The Ready Made Garments (RMG) sector,the biggest earner of foreign currency for Bangladesh after the agricultural sector, may face an uncertainty in its exports to the US as a result of the signing of a bill opposing import of goods produced by forced labour by US President Barack Obama.
Although there was no official remark on whether Bangladeshi goods would be affected by the restrictions, the US government lists garment products from Bangladesh among goods that are produced by child or forced labour.
According to the new law, shipments derived from slavery will be kept out of the country that closes a legal loophole that allowed import of such goods if US demand exceeded domestic production.
When contacted, Senior Commerce Secretary Hedayetullah Al Mamoon that there was no scope to include Bangladesh in the provision of forced labour or workersâ€™ abuse, as â€œforced labour is completely banned by the constitution and there is no such abuse of women in the country.â€
However, he added that an official statement would be made after a US statement reaches the Bangladeshi government and discussions are held with authorities concerned following a review.
Meanwhile, BGMEA President Siddiqur Rahman said that there was no slavery, child labour, forced labour or abuse of RMG women workers in Bangladesh.He claimed that such allegations of forced labour were totally absent in other industrial sectors too.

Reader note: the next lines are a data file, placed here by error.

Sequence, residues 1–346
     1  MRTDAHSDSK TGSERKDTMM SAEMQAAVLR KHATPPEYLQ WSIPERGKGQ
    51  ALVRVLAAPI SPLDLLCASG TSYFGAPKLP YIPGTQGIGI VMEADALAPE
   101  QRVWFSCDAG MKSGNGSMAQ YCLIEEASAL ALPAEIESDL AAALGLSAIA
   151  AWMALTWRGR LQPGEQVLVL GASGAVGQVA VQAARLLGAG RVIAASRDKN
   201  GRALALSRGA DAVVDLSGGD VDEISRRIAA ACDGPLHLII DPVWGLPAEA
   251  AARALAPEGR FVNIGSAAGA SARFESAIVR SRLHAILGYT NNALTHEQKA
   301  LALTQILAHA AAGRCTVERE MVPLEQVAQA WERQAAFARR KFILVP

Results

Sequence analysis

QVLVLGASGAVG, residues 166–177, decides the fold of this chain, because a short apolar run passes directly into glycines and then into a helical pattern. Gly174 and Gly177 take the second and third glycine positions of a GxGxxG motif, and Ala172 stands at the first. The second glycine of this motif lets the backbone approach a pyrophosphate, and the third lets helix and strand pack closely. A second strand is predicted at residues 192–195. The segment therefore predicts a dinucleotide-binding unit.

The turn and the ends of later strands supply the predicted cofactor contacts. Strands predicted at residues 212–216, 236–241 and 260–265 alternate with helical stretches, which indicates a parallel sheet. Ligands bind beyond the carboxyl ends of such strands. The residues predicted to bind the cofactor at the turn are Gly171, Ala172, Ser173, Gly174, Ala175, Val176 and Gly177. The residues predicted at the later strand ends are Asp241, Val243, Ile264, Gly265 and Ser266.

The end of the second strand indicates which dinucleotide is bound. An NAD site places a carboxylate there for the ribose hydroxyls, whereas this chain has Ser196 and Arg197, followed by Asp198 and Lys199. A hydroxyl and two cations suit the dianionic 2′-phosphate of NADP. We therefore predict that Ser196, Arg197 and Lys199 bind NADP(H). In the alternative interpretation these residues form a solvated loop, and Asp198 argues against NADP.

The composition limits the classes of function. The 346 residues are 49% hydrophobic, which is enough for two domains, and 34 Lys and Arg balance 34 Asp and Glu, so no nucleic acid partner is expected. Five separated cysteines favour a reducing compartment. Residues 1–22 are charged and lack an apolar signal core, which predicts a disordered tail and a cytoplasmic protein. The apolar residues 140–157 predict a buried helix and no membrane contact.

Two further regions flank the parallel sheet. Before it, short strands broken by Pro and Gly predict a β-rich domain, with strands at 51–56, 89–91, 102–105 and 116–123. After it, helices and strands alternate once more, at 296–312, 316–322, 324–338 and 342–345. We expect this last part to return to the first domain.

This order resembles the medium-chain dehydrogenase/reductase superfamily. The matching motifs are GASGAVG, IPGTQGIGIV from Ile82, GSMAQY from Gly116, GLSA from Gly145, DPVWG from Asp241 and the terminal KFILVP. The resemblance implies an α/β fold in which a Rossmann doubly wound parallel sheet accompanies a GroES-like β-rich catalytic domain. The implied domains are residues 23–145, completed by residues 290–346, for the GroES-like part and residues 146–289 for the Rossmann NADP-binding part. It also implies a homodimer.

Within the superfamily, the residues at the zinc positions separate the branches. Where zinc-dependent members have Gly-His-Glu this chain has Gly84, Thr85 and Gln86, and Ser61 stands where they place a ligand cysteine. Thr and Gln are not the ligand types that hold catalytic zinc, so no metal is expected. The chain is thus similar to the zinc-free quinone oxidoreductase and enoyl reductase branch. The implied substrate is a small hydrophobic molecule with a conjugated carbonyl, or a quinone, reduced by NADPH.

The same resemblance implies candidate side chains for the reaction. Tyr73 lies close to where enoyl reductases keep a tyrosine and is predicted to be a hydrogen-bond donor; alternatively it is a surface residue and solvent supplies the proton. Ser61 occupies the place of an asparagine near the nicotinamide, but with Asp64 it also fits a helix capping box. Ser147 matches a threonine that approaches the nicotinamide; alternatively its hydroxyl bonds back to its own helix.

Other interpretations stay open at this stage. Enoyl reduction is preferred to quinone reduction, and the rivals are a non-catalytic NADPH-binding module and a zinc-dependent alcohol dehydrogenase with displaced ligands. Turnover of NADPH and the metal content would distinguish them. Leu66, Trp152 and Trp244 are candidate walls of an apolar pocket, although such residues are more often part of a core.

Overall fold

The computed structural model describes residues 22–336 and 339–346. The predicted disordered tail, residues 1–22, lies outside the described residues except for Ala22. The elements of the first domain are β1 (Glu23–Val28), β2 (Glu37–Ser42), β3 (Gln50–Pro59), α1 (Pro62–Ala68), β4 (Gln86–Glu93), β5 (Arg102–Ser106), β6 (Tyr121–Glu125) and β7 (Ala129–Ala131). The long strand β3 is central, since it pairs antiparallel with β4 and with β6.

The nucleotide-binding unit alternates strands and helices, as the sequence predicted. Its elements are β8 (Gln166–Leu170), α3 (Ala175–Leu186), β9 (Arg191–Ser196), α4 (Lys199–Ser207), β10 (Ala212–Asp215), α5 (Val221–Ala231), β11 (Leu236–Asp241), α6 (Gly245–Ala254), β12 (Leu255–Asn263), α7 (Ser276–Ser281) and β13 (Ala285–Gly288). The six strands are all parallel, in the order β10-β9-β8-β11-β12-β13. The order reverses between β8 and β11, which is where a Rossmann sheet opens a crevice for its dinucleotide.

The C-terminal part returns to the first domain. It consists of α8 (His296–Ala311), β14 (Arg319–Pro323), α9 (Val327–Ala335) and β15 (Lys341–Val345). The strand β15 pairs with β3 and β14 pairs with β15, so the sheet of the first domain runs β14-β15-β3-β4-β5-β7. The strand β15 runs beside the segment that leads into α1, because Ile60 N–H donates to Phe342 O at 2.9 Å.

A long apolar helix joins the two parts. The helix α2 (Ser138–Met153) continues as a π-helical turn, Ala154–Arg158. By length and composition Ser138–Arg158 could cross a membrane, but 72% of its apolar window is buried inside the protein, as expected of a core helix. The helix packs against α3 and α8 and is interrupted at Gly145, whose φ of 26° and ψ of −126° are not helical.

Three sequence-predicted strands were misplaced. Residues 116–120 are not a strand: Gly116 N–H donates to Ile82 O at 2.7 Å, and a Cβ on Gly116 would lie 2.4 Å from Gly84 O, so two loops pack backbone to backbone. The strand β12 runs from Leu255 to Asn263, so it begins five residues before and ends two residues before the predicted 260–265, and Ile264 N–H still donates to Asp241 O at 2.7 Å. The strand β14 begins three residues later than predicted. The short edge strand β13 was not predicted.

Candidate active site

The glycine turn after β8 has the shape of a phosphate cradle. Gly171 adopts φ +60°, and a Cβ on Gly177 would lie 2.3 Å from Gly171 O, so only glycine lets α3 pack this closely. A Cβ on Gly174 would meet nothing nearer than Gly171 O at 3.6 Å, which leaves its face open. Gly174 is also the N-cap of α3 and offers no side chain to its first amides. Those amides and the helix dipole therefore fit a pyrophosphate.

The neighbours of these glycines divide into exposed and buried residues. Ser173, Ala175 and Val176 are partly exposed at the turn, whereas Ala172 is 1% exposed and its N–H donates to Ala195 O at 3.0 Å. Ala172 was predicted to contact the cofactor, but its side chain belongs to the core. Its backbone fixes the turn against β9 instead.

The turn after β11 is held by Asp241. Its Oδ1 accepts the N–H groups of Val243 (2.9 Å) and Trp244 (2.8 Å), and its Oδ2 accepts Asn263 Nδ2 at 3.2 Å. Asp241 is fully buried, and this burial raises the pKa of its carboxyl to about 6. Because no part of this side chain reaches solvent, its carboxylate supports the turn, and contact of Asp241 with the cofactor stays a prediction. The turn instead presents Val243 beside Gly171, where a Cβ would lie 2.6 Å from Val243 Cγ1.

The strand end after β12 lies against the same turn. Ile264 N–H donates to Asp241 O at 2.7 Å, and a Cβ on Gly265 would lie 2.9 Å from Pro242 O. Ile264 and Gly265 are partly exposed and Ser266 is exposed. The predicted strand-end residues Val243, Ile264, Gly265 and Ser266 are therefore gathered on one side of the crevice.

He added that Bangladesh is an International Labour Organisation-ratified country and follows the labour act and the ILO standards to ensure workersâ€™ rights.
Mustafizur Rahman, executive director of Centre for Policy Dialogue, also said that allegations of abuse on female workers in the RMG sector did not reflect the reality and were unjustified.
Even in the 16 conditions outlined by the US government after the suspension of GSP, the Obama administration did not mention this issue of forced labour, he added.
Sirajul Islam Rony, president of pro-government Bangladesh National Garment Workers-Employees League, said that any allegation about abusing women in the RMG sector was insulting for the tens of thousands of workers as they were aware of their own rights through trade unions.
After the 2013 Rana Plaza incident, the level of compliance, safety, and workersâ€™ rights had reached such great heights that there could be no abuse of women workers in the country, Rony claimed.
According to a 2014 assessment by the United States Department of Labour, the other goods produced by child or forced labour in Bangladesh are bidis, bricks, dried fish, footwear, steel furniture, glass, leather, jute textiles, matches, poultry, salt, shrimp, soap and textiles.
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